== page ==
Although they would probably be wise to distance themselves from the originals for now with Andromeda, BioWare still has a set of hugely loved characters on their hands; any kind of return for them may be tricky and polarising, but undeniably worth exploring. A precarious balancing act in any case, the most difficult part being the return of Shepard himself/herself.
While player choices could see Shepard and potentially all crewmates meet their bitter end during the originals, there are circumstances where some, if not all can survive the reaper Armageddon. How they deal with events after this could the greatest dramatic heft of any potential future Mass Effect entry.
Recent games like Uncharted 4 have proved that AAA games don’t have to be all action to be a success, with the smaller, quieter moments proving just as memorable. Mass Effect’s original cast could easily benefit from such an approach, seeing Shepard look for a new focus in life, deal with unwanted attention or even obscurity and trying to maintain relationships would certainly be more affecting than trying to invest in a whole new cast of characters.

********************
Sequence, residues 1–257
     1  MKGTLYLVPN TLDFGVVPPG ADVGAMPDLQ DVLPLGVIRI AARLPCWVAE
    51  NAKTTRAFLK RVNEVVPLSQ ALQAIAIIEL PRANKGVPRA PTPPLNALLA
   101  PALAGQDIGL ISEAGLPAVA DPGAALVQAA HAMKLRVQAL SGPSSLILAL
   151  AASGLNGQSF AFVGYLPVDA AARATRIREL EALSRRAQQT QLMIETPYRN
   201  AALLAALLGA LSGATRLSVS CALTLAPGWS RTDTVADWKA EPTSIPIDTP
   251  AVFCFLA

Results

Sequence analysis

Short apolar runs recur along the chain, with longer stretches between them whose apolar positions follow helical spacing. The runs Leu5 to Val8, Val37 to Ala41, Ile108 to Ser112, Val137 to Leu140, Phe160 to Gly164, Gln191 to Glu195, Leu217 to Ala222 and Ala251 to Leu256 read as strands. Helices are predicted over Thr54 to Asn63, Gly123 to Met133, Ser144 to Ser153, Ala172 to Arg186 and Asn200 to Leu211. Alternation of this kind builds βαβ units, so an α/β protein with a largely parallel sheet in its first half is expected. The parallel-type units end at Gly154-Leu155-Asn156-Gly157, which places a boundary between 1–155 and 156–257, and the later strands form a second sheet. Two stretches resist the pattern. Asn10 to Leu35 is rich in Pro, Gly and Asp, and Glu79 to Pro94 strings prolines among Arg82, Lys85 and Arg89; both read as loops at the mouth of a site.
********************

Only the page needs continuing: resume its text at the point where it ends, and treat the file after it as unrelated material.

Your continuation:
A return to the Spectres or the N7 program could also be leveraged to provide the obligatory combat, and perhaps some sort of galactic ambassador role created in order to facilitate the exploration, providing a new purpose. But any return for Shepard will surely prove polarising for fans, to see the old characters again may be intriguing, but if not handled carefully could prove damaging to their legacy. It would be a very high-risk move for BioWare for sure.
Andromeda is an admirable move by BioWare; you can’t accuse them of taking it easy, but when you already have a whole galaxy of opportunities to explore, a future return to the Milky Way would surely bear fruit. Andromeda may fulfill short-term goals, but looking forward, the best direction may be to move back.